I have read and written quite a few articles on how the PhD does not necessarily prepare you for working outside of academia. And that aspect is true, these environments can be, and often are, quite different.
However, I have also been accused of focusing too much on the negative. Too much of a ‘lack thereof’ and not enough of a focus on the positives; the things that are in place and we can build from. So let’s do that now, for the PhD, shall we?
When in a PhD program, you are being trained to be an independent researcher. You are essentially becoming an expert in a specific topic, through a specific, or sometimes even varied, set of methods. So let’s start there.
For me specifically, my topical knowledge extends to financial decision-making. Even more specific, the psychology of money, and even more niche: the effect of payment methods on how people manage and perceive their money. That is niche, but to get to this level of expertise you do actually have to learn most things under the sun with regards to financial decision-making. So yes, I’m also fluent in the psychology of investing, saving, budgeting etc. I know work in a behavioural unit in a bank. So all of that knowledge is still incredibly relevant. Thank God.
The story can be similar for you, looking at your own topic and the larger field it relates to. Your theoretical and topical knowledge is absolutely not a waste of time – it does make you more attractive if you want to stay in the same field, but simply move away from academia. Food for thought.
Skill set Now let’s move away from the topical, which can be quite niche, to something much more generalizable. Your skill set. Let’s start at the methods you used. If you do any kind of analytics, congrats you’re at least a basic data scientist – preferably one who uses R, Python or any equivalent. Which other software do you know how to use? Or before analytics even, how did you gather data? Are you an experimentalist? Do you know how to build RCTs? Do you work with non-human samples – if so, how? And backtracking that even further, how did you get the money for these endeavours? Are you good at selling ideas? Do you manage a lot of different stakeholders? Do you present well? Are you a good designer – so a more creative mind? All of this matters. And then there’s the more obvious skill set that I think all PhDs have, at least at the end of their PhD – you can write, disseminate and deep-dive incredibly well and fast. Because you’ve had to. Similarly, you know how to manage a project. Because all your own research was your project to manage (most likely). These are all very important skills. And yes, you can put all of these on your CV/resume.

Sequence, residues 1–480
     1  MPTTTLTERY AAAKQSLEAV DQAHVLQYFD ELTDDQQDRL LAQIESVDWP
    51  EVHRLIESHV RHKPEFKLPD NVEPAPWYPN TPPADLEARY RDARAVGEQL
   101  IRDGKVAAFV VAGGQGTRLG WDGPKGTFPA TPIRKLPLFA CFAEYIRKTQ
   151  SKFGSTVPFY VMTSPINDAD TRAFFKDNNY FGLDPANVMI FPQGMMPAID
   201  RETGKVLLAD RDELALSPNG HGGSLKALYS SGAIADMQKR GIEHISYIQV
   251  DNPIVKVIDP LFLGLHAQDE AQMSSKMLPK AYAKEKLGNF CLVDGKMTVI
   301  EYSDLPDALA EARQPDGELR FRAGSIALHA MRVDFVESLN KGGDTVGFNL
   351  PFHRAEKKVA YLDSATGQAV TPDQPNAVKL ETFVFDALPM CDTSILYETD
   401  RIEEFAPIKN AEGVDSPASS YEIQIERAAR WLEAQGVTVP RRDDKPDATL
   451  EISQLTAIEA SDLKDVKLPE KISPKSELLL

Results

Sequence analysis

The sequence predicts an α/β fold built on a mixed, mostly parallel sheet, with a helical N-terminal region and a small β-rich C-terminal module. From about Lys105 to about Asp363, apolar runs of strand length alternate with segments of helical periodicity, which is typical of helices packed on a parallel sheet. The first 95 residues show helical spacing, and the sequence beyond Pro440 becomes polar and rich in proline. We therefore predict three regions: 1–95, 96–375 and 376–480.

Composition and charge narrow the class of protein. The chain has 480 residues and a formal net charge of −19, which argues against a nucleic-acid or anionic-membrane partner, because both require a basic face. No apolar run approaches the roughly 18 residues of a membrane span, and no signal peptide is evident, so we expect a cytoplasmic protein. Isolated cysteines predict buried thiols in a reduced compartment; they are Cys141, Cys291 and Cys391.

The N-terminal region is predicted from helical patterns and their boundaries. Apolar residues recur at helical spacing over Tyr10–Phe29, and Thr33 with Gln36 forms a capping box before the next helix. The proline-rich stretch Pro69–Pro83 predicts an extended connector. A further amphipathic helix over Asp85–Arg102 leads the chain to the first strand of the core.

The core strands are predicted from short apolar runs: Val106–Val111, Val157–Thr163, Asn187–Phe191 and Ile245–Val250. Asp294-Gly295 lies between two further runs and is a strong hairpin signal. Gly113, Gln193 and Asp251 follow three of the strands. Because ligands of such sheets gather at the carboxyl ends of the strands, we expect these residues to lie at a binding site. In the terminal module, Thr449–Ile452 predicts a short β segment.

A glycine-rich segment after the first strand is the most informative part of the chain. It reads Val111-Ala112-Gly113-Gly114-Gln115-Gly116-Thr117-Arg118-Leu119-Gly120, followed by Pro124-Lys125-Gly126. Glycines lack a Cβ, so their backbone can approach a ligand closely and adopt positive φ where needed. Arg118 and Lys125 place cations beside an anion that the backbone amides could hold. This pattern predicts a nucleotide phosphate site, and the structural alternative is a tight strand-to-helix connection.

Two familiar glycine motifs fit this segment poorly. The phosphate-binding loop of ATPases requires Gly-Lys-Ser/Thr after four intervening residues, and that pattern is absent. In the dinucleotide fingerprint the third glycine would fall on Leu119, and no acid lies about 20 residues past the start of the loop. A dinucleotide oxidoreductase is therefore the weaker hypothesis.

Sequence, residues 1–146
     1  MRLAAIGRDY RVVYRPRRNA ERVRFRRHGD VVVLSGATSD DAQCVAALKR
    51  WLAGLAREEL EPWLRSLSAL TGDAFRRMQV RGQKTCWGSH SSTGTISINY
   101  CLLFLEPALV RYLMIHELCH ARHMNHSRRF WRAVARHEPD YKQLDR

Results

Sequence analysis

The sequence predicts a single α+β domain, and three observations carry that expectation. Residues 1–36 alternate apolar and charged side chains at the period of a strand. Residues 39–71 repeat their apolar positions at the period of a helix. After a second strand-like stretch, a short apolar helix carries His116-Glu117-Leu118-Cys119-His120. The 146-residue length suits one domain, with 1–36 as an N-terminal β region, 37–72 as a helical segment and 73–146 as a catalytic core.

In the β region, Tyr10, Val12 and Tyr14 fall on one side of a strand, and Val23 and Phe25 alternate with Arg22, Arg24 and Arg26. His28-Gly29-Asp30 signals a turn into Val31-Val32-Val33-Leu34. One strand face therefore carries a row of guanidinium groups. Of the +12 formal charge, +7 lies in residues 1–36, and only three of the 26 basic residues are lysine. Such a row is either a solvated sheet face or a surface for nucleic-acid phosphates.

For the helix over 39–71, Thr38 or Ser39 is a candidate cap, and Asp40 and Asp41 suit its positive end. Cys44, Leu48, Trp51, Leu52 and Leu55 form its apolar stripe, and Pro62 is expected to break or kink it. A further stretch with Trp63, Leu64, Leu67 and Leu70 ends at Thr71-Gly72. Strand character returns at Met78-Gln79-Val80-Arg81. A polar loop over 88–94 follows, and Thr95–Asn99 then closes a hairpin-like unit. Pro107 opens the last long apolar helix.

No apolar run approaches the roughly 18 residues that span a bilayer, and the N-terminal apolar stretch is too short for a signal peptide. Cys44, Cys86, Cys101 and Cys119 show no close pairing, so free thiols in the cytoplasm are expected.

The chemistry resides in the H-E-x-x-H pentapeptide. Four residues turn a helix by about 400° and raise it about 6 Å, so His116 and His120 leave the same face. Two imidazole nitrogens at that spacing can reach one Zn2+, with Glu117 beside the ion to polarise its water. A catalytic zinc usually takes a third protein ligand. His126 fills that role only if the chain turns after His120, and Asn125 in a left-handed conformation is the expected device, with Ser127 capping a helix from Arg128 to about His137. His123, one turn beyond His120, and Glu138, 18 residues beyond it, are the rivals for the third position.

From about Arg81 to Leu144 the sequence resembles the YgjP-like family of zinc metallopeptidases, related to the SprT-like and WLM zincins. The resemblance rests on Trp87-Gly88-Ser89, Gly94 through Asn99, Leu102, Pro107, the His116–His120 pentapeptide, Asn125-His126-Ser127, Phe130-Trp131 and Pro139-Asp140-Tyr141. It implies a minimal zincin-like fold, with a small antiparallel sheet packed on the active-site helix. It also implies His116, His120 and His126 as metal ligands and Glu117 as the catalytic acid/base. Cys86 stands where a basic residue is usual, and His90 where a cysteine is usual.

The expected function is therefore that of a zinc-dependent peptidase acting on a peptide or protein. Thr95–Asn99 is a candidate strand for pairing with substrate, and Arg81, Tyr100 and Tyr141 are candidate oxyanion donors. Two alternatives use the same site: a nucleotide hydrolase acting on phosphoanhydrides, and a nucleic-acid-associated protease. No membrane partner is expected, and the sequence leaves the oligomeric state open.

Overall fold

Resilience The PhD student experience is one plagued by unstable, non-supportive environments that can easily take pressure cooker shape. This is not up for debate, the numbers are there and so are the horror stories. I’m not saying other sectors don’t have these issues (looking at all the consultancy cults out there…), but academia is renowned for it. Coming out of such an environment unscathed is unlikely. Coming out of such an environment with your sanity somewhat intact, and some if any achievement to show for it, is excellent. This type of resilience might not be something you can easily quantify and put on your CV, but this is a skill. For me personally, the PhD taught me exactly which environment I did not want to work in. Which conditions were acceptable and which weren’t. And what red flags are in people who can essentially ‘make our break’ all of your work. This also relates back to mental health, work-life balance and your (work) identity. The PhD is a long program of work, with very far away deadlines and almost endless negative feedback, very little to no positive feedback and ever moving goalposts. It’s for that reason (amongst many others) that people get sucked in and lose sight of the rest of their lives. The type of resilience you can build in a PhD dealing with this is incredible. That’s not to say that if you’re not there yet you have failed. Sometimes it takes months or years after the PhD to have dealt with it fully and achieve it. But that still counts.
Although resilience is difficult to define, it is the one thing I have taken from the PhD and flaunt proudly. I may have lost some battles but won the war. And that’s the only thing people seem to care about. So don’t think for a second that just because you’re switching battle fields (academia to corporate) that you’re starting from scratch again, you’re absolutely not!
If you want to learn more about making the transition from academia to corporate, how to best sell yourself and how to deal with an ever changing (work) identity, read my new book “The Ultimate Guide to Doing a PhD”, available through Amazon and via World Scientific [and just sent me a message for a discount code!]. And as always, good luck!